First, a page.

Food from the “industrialized” food system is less nutritionally dense than organic, sustainably-grown food. Low-nutrient foods grown with synthetic chemicals have spread across the world, often targeted to the poor segment of the population in developed and emerging nations alike. This food and agriculture problem is too big to fix solely with philanthropic donations or government policy—even assuming a fully favorable policy environment and the effective deployment of philanthropic dollars. Here’s the good news: after decades of effective storytelling, public education, and advocacy by activists, we have a generation of Millennials embracing a broad-based behavioral shift toward healthy, sustainable food options.
According to a World Resources Institute study, the average American daily diet causes nearly twice the greenhouse gas emissions as the average daily diet worldwide. The same study reports that the average American could reduce the environmental impact of their diet by 50 percent simply by scaling back on their consumption of animals products. A slow but steady push for alternatives to meat is driving innovation and investment in future-friendly food by everyone from Google to Bill Gates to, yes, even Tyson Inc. — the U.S.’s biggest meat producer.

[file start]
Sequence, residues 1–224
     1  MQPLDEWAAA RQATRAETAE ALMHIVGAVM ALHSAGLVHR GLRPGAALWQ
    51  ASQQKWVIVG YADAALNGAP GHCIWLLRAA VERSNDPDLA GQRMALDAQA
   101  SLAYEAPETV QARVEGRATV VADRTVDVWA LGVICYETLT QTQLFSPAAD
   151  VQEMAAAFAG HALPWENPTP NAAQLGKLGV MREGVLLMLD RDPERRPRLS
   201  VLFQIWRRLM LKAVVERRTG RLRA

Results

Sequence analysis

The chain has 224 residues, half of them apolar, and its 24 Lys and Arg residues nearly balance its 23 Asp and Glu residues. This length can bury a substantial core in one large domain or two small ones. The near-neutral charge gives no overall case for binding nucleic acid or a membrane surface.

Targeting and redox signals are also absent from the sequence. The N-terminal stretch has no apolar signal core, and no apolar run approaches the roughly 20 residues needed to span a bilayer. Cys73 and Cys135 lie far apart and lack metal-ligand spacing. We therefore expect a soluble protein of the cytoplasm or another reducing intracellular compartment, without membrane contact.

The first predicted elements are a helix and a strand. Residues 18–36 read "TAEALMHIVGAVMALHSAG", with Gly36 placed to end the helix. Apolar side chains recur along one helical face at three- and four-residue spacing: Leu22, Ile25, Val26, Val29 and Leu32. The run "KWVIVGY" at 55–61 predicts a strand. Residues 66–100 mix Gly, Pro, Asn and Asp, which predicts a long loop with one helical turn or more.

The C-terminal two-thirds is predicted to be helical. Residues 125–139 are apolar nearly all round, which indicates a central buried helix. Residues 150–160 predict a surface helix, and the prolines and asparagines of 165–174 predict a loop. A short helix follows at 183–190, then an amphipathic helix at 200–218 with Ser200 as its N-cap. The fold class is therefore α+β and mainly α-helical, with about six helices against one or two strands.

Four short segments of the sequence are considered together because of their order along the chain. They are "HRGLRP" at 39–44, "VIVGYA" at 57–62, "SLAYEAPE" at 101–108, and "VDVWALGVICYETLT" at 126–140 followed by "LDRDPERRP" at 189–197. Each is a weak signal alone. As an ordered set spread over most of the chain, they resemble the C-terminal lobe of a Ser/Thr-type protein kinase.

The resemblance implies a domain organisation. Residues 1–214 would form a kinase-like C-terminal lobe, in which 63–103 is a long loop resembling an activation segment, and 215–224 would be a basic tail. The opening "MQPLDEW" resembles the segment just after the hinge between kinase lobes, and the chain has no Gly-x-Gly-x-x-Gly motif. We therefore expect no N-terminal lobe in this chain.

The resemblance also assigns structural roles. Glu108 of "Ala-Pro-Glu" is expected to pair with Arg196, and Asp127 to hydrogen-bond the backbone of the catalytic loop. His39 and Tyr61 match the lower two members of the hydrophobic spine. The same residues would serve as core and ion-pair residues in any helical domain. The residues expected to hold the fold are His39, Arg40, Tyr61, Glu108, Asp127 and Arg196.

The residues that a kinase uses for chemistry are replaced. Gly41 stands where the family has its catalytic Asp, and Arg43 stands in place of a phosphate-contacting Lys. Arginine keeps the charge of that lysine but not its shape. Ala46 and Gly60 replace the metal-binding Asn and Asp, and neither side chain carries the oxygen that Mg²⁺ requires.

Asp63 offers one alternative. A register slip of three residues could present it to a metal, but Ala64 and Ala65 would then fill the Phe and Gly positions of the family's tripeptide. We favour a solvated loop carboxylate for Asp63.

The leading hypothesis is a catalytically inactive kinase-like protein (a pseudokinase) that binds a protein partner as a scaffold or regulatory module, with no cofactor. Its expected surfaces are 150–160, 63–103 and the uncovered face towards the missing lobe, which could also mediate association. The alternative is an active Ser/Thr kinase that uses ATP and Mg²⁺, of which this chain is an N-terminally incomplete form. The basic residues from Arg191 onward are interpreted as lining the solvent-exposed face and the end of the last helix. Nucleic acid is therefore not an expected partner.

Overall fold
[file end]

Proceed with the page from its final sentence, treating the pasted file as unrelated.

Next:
Our oceans are straining under the extraordinary pressure of global demand. Humans eat seafood, and so do our livestock. Even our seafood eats seafood. It’s unsurprising then that ninety percent of our marine fisheries are fully fished or overfished. The repercussions of our insatiable hunger for seafood are both environmental and economic. The industry now loses more than $80 billion annually due to overfishing and decreasing fish stocks.
Creating sustainable alternatives is not only an environmental imperative but also a remarkable economic opportunity. The expansive, lumbering seafood industry is calling for mission-minded entrepreneurs, innovators, and investors to stem the tide of ecological destruction.